Centaur shapes and the origin of bilobate Jupiter-family comets
Author(s)Safrit, Taylor K.
Massachusetts Institute of Technology. Department of Earth, Atmospheric, and Planetary Sciences.
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The bilobate shape distribution of Jupiter-family comets (JFCs) is of unconstrained origin. One theory is that JFC progenitors become bilobate in the Centaur region, where sublimation of volatiles from object surfaces may spin objects up beyond a critical limit and disrupt them. We examine models of rotational body stresses to learn about this disruption. We also present new observations of four Centaurs in an effort to further constrain the shape distribution of the Centaur population. Of these four, insufficient data were gathered for three (2014 KR101, 2013 TC146, and 2013 XZ8). The fourth (2014 QA43) is shown to have a rotational period of 11.558 hours and is at minimum 11.5% elongated. This is not commensurate with a bilobate shape; there remain no known bilobate Centaurs.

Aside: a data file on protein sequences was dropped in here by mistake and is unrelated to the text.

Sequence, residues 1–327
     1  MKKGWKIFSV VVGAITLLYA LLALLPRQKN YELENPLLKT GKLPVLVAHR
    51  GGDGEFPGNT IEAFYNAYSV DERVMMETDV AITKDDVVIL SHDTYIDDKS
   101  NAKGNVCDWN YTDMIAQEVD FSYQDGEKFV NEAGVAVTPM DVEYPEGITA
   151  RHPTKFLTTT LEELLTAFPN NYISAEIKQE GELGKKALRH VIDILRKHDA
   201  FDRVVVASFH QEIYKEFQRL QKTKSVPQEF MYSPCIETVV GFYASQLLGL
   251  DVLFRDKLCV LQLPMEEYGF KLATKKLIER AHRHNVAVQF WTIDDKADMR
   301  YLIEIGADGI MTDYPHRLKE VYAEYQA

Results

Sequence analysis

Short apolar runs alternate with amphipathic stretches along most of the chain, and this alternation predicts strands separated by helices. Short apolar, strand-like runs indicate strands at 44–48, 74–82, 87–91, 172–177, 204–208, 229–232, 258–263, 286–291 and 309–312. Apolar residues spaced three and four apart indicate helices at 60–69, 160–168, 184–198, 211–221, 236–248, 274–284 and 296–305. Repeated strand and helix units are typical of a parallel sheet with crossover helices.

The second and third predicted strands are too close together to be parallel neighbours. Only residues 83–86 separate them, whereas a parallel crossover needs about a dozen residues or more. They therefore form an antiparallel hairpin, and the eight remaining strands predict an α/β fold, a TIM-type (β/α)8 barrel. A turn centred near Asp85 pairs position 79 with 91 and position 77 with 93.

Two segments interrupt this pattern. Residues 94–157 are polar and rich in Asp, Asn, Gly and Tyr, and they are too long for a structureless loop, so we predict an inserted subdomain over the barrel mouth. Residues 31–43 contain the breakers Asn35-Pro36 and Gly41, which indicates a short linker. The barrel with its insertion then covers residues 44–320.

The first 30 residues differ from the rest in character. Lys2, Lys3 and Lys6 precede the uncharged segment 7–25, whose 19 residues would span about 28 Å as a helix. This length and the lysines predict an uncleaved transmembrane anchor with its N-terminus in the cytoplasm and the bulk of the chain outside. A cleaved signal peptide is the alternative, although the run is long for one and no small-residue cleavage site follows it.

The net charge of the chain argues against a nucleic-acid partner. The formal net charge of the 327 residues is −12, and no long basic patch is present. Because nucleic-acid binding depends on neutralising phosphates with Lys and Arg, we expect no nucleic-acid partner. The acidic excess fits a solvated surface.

Thesis: S.M., Massachusetts Institute of Technology, Department of Earth, Atmospheric, and Planetary Sciences, May, 2020Cataloged from the official PDF of thesis.Includes bibliographical references (pages 28-29).
DepartmentMassachusetts Institute of Technology. Department of Earth, Atmospheric, and Planetary Sciences
Massachusetts Institute of Technology
Earth, Atmospheric, and Planetary Sciences.